There are about 40 species in this genus. Majority of them are fresh water in habit and about half a dozen are marine. Majority of the species of Vaucheria are either aquatic or terrestrial. "Vaucheria asexual reproduction examples" terrestrial species are found upon damp soils and muds in yellowish green velvet-like carpets.
In terrestrial species, the rhizoid-like branches are present at the base of the thallus which attach it to the substratum.
The fresh water species are usually found in aerated water, e. The thallus consists of branched, coenocytic unseptate and tubular filament.
The septation takes place at the time of the formation of bodies or injury to the plant. The cell wall is thin and consists of "Vaucheria asexual reproduction examples." In the centre of the tubular thallus, there is a big central vacuole. The cytoplasm is confined to the peripheral region.
The numerous discoid chloroplasts are embedded in the cytoplasm towards outside and numerous minute nuclei are found towards the central vacuole. The chloroplasts are devoid of pyrenoids. The strach grains are lacking.
This type of reproduction takes place by accidental breaking of thalli into small fragments. Each fragment of the filament is capable to give rise to a new plant.
The asexual reproduction takes place by several means, e. A single compound zoospore develops in a single zoosporangium. Any distal branch of the thallus may convert into a zoosporangium.
Much of the food reserves, chloroplasts and nuclei accumulate in the distal end of the branch of the thallus. This distal end is comparatively swollen. Very soon a septum appears at the base of this swollen end. The central vacuole disappears, the nuclei and chloroplasts reverse their position, i. The protoplast retracts from the zoosporangial wall and opposite to each nucleus two flagella are developed.
The terminal portion of the zoosporangium softens and a small pore develops. Through this small terminal aperture the zoospore squeezes out and swims freely in the water. The zoospore is ovoid or elliptical.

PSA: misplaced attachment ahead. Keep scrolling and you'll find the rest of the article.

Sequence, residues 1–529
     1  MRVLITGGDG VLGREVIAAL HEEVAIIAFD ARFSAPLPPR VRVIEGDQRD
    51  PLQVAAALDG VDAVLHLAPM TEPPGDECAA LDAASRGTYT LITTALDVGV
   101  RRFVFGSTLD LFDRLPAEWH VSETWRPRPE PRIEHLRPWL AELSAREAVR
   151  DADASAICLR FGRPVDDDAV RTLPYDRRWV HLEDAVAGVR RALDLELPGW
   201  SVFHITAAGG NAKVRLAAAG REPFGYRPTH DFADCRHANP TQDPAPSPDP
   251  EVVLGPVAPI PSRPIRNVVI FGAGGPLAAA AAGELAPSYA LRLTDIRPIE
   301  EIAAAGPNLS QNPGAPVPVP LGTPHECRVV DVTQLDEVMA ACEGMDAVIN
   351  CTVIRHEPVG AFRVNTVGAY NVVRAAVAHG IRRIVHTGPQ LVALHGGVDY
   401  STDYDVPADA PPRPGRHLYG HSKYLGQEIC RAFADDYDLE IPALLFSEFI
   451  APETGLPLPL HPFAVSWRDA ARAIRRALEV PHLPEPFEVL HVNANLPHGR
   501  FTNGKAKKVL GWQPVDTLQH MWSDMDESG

From each peripheral nucleus, a pair of flagella is given out. There are several chloroplasts arranged inner to the nuclei around the large central vacoule. The nuclei and chloroplasts are embedded in cytoplasm. The zoospore swims for about 15 to 20 minutes and then settles down to some substratum, withdraws its flagella and secretes a wall around it. Very soon it germinates giving rise to 2 or 3 tubular outgrowths and a new branched thallus develops.
The aplanospores develop in conditions and especially in terrestrial forms. Here the contents of an aplanosporangium develop into a non-motile aplanospore. This aplanospore escapes by the irregular rupture Vaucheria asexual reproduction examples the aplanosporangium. On the approach of favourable conditions, the aplanospore germinates producing tubular outgrowths.
They may germinate after liberation or within the aplanosporangium. Sometimes in terrestrial species the segmentation takes place in the tubular branches
Vaucheria asexual reproduction examples many small compartments. The hypnospores either germinate directly producing new thalli or they divide producing thin-walled cyst. Each cyst germinates in a special way. The cyst breaks and a pore develops at one end of it.
The protoplast of this comes out in amoeboid fashion, becomes rounded and develops, into a new thallus. The sexual reproduction is oogamous. About all the species reproduce by this method.
All the fresh water species are homothallic. The sexual reproduction takes place in the forms growing in damp soil or still waters. It does not take place in running water species. In the monoecious species the oogonia and antheridia develop on the same Vaucheria asexual reproduction examples and in dioecious species these organs develop on two different thalli.
Here we will consider the sexual reproduction of fresh water forms homothallic. The antheridia develop on the lateral branches at their ends shortly before "Vaucheria asexual reproduction examples" formation of oogonia.
The part of the thallus giving rise to antheridium possesses abundance of cytoplasm, chloroplasts and nuclei. In most of the fresh water species, slender hook-like antheridium develops having a pore at its distal end.
A septum develops just beneath the curved portion of the antheridium. The nuclei of the antheridium divide mitotically again and again, and around each nucleus cytoplasm is deposited. Each such small bit metamorphoses in a biflagellate antherozoid. These antherozoids are liberated through the apical round opening of the antheridium.